NEW ORLEANS -- Aaron Broussard was arguably one of the most powerful men in Louisiana's most populous parish.
The man with Jefferson Parish president, parish council chairman and Kenner mayor on his political resume is now a convicted felon.
"At 23 years old I came into politics as a dragon slayer," said Broussard as he he arrived at the federal courthouse. "At 63 years old I'm going out as a dragon."
With that, Broussard headed inside to plead guilty to two of the 27 criminal charges he originally faced.
They included conspiracy to commit bribery and theft concerning a program receiving federal funds.
The charges stem from a $323,000 payroll fraud scheme involving Broussard's ex-wife Karen Parker and bribes totaling more than $60,000 from telecommunications business owner William Mack.
"I think this case is about fraud waste and abuse," said U.S. Attorney Jim Letten after the hearing. "It is about the abuse of power and authority by individuals who wield it. It's about using government for personal gain."
Broussard resigned as parish president in early 2010. In addition to his criminal prosecution, in recent months he has also battled prostate and skin cancer.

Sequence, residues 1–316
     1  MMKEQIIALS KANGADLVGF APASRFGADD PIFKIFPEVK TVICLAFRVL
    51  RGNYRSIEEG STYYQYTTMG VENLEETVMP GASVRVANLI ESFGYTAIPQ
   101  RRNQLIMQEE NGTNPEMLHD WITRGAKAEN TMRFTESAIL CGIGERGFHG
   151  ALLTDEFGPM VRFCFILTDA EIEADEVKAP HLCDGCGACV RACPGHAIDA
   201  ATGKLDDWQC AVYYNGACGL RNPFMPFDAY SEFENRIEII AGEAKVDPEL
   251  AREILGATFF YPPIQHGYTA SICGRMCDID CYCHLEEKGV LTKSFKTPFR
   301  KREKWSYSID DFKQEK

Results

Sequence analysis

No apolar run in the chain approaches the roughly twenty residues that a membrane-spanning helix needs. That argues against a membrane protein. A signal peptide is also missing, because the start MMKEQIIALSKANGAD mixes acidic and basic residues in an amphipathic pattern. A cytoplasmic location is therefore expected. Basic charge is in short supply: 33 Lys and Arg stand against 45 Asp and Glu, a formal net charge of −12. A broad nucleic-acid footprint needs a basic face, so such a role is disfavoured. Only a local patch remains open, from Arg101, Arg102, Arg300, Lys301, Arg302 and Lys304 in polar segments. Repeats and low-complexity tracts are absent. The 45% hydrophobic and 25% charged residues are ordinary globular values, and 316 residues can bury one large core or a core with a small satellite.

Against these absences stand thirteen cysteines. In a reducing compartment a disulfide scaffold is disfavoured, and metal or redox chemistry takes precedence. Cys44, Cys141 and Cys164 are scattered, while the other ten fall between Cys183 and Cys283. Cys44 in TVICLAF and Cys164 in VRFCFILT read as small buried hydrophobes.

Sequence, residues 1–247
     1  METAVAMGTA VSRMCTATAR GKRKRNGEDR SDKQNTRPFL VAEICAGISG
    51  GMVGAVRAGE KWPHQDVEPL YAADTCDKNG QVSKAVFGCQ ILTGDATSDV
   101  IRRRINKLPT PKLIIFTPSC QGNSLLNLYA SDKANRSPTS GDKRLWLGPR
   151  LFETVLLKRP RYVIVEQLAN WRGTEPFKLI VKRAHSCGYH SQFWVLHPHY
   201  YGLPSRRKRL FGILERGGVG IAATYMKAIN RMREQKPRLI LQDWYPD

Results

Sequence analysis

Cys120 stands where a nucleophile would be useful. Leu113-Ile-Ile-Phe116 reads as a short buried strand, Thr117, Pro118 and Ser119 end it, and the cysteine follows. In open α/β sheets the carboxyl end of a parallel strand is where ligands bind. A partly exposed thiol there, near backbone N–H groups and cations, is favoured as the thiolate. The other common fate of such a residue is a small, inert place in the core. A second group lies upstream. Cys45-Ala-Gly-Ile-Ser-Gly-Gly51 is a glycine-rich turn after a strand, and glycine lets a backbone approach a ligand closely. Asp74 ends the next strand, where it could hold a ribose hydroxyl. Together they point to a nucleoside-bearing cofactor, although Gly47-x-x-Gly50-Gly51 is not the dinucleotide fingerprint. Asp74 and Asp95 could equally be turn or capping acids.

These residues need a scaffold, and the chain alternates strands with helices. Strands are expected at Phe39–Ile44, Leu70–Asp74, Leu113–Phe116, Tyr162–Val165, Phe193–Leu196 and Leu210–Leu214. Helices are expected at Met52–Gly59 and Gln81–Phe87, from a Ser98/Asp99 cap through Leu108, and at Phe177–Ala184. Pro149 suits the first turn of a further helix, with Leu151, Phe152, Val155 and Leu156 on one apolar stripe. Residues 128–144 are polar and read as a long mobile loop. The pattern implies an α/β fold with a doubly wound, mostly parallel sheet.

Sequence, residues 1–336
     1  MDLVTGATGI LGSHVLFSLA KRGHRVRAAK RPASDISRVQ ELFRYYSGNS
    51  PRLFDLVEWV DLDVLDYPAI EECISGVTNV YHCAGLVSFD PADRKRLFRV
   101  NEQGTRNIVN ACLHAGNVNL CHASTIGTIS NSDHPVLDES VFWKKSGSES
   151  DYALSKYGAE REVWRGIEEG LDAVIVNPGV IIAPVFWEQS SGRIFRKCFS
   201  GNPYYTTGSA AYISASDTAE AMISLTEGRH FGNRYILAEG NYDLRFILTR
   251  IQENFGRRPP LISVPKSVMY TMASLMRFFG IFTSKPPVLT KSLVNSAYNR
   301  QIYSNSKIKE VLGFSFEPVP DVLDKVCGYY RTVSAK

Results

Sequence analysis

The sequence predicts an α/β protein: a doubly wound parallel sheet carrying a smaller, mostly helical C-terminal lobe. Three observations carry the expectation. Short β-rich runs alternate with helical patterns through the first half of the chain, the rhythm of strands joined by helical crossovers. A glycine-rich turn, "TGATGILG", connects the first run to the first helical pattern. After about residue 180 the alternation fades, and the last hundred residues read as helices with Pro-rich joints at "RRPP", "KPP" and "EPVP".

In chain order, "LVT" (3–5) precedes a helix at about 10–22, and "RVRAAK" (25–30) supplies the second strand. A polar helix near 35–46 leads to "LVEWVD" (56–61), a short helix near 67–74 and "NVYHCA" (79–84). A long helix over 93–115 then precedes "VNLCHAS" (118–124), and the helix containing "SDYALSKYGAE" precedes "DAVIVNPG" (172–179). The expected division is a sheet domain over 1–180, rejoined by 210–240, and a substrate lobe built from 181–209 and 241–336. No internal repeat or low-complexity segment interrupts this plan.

"For those who have stood by me, my friends and my loved ones, I would ask for your continued support and prayers as I continue this journey," said Broussard leaving the courthouse. "For those who have voted for me in the past in any of the capacities I've served, I ask for your forgiveness and understanding. For those who have not voted for me or are angry at me than sit back and enjoy the show."
Broussard will now remain free on bond awaiting his Feb. 25 sentencing. As part of his plea deal, Broussard will now have to cooperate in any ongoing criminal investigation, including the government's probe into a controversial contract with the River Birch landfill.
"Just to provide unvarnished truth and assistance to us," said Letten. "That's all we can ask and demand of anyone and that's what we expect of him and the other defendants who have plead guilty."
WWL-TV Legal Analyst Chick Foret said the length of Broussard's sentence will depend on the value of the information he shares with the government.
"He can tell the government how things operated in Jefferson Parish before he resigned as parish president," said Foret. "He is a valuable asset to any possible investigations that are ongoing and any future investigations."
Foret also said Broussard figures to be valuable when it come to the River Birch investigation.
"We don't know what Mr. Broussard knows about River Birch. We don't know the extent of his information. But, it seems to me that he can connect some dots for the government, perhaps as to the working of the contract."
Broussard now faces up to 15 years in prison and a $500,000 fine.